The Colored Conventions Project, Douglass Day, and the Black Women’s Organizing Archive are Black Digital Humanities projects housed in the Center for Black Digital Research at Penn State University. Two of the authors of this section are senior team leaders at the Colored Conventions Project8 and Douglass Day,9 where they have worked with and created successful crowdsourcing projects which have transcribed documents from many archives ranging from Colored Conventions records, Freedmen’s Bureau records to archives held at the Library of Congress to the Moorland Spingarn Research Center at Howard University. Among the partners we have sought and developed: the African American Episcopal Church incorporated, The Library of Congress, the National Museum of African American History and Culture, University of Delaware, Princeton University, Oberlin College, Moorland Spingarn Research Center, Howard University, The Deltas Inc, the AKAs inc, the American Association of Retired People Delaware, Philadelphia, and Washington DC, local school districts. Some of these partnerships have been wildly successful while others have offered real opportunities for growth, reflection, and development. We have sought to distill the wisdom we have gleaned from these relationships along with the other writers in this section.
Each partnership, though sharing some aspects, was distinct. Organizational and institutional partners often choose to work with us for similar reasons. GLAMs like the National Museum of African American History and Culture have archives that need to be transcribed. Working with us allows GLAMs to complete the transcription of documents and generates interest in the targeted collection and beyond. Universities and colleges often want training, curriculum, and support for their teaching staff around crowdsourcing, archival projects, and archival research. Community groups — The African Methodist Episcopal church, the American Association of Retired People Delaware, Philadelphia, and Washington DC — wanted to support our work to bring African American history to their constituents and build a community around projects which shared their values and created opportunities for their members to learn, volunteer, and share and connect with broader communities. a successful crowdfunding campaign creates and sustains the relationships between us as organizers, partners, collaborators, and sponsors.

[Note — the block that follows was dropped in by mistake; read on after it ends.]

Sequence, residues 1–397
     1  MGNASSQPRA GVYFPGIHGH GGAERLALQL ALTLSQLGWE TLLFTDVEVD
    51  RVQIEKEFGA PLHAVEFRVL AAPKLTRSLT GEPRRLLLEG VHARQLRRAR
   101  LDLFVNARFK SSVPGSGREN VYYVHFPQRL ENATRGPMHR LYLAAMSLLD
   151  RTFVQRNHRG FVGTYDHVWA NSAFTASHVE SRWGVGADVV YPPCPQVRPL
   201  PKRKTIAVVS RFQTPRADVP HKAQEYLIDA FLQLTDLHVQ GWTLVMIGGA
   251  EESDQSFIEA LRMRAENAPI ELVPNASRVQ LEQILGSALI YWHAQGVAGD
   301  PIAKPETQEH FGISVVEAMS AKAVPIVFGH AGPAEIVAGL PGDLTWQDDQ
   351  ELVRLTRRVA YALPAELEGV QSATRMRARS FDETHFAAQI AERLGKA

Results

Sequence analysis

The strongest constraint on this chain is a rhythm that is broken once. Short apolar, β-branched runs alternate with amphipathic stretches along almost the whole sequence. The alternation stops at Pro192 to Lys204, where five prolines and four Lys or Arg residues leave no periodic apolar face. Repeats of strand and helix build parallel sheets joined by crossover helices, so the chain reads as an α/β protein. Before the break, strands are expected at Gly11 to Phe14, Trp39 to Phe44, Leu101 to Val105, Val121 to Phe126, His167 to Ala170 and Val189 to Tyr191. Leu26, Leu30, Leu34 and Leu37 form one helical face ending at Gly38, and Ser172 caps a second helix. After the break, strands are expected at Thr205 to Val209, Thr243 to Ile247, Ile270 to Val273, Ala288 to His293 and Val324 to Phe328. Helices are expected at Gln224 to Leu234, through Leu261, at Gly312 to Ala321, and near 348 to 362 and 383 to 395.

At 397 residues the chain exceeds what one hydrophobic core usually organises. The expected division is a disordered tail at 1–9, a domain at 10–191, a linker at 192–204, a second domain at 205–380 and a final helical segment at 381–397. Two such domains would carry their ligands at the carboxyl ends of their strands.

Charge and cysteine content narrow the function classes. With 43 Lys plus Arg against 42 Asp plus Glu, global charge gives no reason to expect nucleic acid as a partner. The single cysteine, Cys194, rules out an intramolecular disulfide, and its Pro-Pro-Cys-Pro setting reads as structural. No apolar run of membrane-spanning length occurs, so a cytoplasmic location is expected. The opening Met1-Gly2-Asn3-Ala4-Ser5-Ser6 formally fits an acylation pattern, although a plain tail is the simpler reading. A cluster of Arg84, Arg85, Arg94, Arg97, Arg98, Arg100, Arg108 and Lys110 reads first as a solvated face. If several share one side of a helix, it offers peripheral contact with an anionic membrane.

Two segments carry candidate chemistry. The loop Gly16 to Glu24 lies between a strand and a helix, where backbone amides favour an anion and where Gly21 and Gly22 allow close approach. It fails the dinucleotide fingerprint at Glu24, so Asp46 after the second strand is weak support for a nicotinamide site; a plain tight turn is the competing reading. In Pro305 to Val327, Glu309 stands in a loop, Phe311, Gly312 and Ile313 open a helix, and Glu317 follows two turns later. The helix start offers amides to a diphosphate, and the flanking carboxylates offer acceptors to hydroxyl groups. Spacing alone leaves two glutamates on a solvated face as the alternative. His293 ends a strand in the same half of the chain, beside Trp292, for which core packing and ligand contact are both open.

Immediately after the content for a project has been chosen, for example, an archive or dataset, we recommend identifying relevant groups with whom you want to develop partnerships. To suggest potential partners, drawing on many stakeholders and interested parties’ experience will ensure different perspectives on the content and the project are heard, and a broad range of relevant communities will be nominated. Stakeholders can include collaborators, community members, GLAM employees, volunteer participants, allies, and friends.
Generating a list of potential partners will require some research into the content and the communities that created or preserved the material, to ensure the most careful, respectful, and meticulous approach is taken. The members of this list will become some of the key people and groups in your community of practice. A community of practice is composed of interconnected people who have different layers of investment in a crowdsourcing project.
Often outside organizations will feature among potential partners. Partnering with outside organizations often strengthens a project and, we recommend, should be a reciprocal relationship in which access to funding, outreach facilitation, or common missions, goals, and hard resources such as physical space or target audiences are shared. The organizations selected as partners will deeply affect the relationships across the crowdsourcing project. A few issues to consider:
The type of organization — crowdsourcing projects are often familiar to GLAMs, so less translation or explanation will be required when planning and running an event.